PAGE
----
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Line Noise

Line Noise

When dial-up modems were all the rage, it was a constant battle to connect at the fastest speed possible. Various factors decided how fast your connection would be at any given time, and it became a gamble to see how many attempts it would take to get a good connection. The most frustrating obstacle to fast Internet service was “line noise,” a phone company term that described interference affecting your phone signal, usually based on household electrical sources or aging telephone wiring. This noise was typically not detectable to the human ear, but to an ultra-sensitive modem where every noise is amplified, this interference meant certain slowdown to your connection.

That aptly describes my prayer life.

“And I will do whatever you ask in my name, so that the Son may bring glory to the Father. You may ask me for anything in my name, and I will do it” (John 14:13-14). So the question I then have to ask myself is, “Why are my prayers not getting answered?”

The answer is line noise.

I have learned over the years that God will not compete with my noise. There are times when I unintentionally neglect my relationship with God. I just get too busy, and that fills me with shame. If God truly is the most important thing in my life,if God IS my life, why don’t I spend more time with Him?

One of the biggest sources of static in my conversations with God is my own mental distractions. I have so much on my mind at any given time that it is extremely difficult to slow down to the point where I can have a lengthy time of communion with my Savior. One of my strategies is to keep a notepad nearby and jot down notes about where my mind wanders during prayer. That way, I can focus absolutely on God, knowing I will not forget to pick up a dozen eggs on the way home this afternoon.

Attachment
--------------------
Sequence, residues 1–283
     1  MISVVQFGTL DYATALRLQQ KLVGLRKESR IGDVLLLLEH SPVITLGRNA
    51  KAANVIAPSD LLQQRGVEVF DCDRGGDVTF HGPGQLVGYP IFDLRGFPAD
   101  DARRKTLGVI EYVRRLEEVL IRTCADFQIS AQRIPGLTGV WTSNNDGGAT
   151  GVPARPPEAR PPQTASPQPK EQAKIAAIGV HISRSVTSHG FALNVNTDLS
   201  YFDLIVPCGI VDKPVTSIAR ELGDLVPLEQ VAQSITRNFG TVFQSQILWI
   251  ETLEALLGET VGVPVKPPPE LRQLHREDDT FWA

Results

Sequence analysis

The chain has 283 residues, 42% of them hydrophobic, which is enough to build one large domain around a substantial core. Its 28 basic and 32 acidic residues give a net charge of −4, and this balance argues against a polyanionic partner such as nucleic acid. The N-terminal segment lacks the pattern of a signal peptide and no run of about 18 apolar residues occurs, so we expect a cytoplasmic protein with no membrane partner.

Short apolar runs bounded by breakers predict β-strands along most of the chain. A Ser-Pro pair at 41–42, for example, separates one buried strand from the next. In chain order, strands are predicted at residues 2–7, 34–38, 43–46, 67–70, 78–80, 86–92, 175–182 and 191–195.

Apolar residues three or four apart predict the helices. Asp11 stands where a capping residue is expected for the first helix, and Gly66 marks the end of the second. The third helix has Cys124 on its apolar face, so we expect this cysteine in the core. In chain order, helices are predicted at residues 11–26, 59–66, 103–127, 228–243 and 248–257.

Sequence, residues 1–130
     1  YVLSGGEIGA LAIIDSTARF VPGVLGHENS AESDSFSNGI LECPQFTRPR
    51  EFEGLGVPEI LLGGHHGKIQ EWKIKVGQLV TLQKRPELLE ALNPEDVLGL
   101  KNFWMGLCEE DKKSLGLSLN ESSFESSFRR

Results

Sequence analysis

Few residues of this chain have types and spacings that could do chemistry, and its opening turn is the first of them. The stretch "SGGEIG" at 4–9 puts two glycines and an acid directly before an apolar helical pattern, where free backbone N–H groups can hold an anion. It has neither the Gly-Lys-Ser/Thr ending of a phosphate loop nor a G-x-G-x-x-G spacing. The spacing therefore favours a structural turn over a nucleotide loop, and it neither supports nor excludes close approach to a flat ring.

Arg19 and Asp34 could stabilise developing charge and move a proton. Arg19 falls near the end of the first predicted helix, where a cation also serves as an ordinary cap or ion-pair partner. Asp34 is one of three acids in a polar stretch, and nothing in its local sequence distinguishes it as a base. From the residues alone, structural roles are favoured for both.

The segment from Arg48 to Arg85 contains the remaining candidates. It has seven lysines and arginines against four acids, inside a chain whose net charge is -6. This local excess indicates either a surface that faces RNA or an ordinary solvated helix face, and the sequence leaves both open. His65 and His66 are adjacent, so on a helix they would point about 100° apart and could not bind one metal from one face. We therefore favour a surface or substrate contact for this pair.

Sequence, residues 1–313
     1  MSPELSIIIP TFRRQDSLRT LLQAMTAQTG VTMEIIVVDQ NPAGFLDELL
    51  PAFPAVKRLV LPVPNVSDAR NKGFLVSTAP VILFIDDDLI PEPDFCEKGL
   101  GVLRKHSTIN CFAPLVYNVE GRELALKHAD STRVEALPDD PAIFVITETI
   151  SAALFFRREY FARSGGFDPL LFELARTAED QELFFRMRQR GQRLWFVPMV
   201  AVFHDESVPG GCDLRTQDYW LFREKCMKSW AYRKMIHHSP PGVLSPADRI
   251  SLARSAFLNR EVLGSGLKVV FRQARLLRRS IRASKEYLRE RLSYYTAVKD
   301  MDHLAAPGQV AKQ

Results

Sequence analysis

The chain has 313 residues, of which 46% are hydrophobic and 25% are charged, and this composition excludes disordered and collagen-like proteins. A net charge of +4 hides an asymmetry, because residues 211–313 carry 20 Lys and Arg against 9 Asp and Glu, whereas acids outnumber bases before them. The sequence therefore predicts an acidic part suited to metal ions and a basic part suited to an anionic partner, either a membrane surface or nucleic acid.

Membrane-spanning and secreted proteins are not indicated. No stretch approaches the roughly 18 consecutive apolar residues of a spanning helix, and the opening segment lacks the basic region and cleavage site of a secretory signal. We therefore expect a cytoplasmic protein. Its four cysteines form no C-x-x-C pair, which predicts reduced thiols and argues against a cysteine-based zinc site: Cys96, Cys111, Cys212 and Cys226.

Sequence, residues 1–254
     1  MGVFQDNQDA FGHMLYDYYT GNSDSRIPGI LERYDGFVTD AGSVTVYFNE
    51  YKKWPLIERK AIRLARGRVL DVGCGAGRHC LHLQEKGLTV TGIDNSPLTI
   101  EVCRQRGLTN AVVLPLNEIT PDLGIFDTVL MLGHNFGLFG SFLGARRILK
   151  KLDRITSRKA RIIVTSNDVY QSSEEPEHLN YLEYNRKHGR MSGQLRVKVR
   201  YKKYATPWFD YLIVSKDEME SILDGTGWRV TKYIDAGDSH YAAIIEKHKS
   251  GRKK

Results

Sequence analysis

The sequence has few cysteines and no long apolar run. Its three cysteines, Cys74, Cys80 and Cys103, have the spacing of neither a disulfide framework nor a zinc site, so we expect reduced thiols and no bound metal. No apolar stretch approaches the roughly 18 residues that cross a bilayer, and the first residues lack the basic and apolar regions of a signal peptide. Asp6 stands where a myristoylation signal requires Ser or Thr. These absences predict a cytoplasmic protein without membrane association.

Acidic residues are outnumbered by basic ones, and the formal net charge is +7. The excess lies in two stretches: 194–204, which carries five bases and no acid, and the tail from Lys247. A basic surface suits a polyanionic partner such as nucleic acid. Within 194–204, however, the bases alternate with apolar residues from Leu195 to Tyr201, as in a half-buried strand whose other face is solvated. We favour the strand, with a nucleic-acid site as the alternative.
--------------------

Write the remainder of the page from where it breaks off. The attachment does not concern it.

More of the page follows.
The second major source of line noise is a lack of focus. Coupled with my inability to keep my mind from wandering, is the amazingly large amount of entries in my personal prayer log. Truthfully, it’s a bit daunting to realize you’ve got more to pray for than you have fingers and toes! I also recognize the distinct pleasure and humbling opportunity we have to come boldly before the throne of grace with our supplications. All we must do is ask. So why do I have such trouble asking?

When my lack of focus becomes enough of an issue that it prevents me from praying effectively, I force myself to organize. I separate my prayer entries into categories. First, I pray for others, and then I bring forth my own requests, all following my prayers of praise. When my list is complete, I proceed down the ladder like Catholics holding a rosary, making sure that I focus on the needs of others significantly more than my own needs. Truth be told, the only thing I need more of in my life is grace. Sure I could use more money, more friends and more books, but those are all subsequent to my desperate plea for more grace.

The third line noise is the anger that prevents my throughput to heaven from being all that it should be. When Paul was writing his first letter to Timothy, he clearly notes that anger can be a problem if left unresolved. 1 Timothy 2:8 states, “I want men everywhere to lift up holy hands in prayer, without anger or disputing.” Notice how Paul specifically speaks to prayer without “wrath,” as the King James Version says. Not all anger is bad, however. Righteous indignation has its place, but nonetheless, if anger is allowed to stew and boil, it becomes a way the enemy trips us up. The only way I have ever found to effectively deal with my anger is through face-down prayer. I truly have to prone myself before God and allow Him to gently remind me that He is in control. These episodes tend to also refresh my healthy fear of the Lord and His power.

Finally, and most often, I find myself wrestling with doubt. Doubt is by far the worst emotion to have when it comes to prayer. James, the half-brother of Jesus, in writing what is probably the first book of the New Testament, mentions this subject within the first paragraph. James 1:6 says, “But when he asks, he must believe and not doubt, because he who doubts is like a wave of the sea, blown and tossed by the wind.” When you doubt God, you doubt His Word and His promises. Doubt is a slippery slope on the way to unbelief, and Christianity requires faith. Had Jesus even considered the word “if,” when being tempted by Satan,the battle would have been over. Jesus did not doubt His place in God; I encourage you not to doubt your place in Christ. God answers prayers that are in accordance with His will, providing He has a calm sea in which to deposit the answer.

So, now that the noise has cleared up, go pray. The nice thing about God is, He can fix line noise better than any telephone company technician I know.


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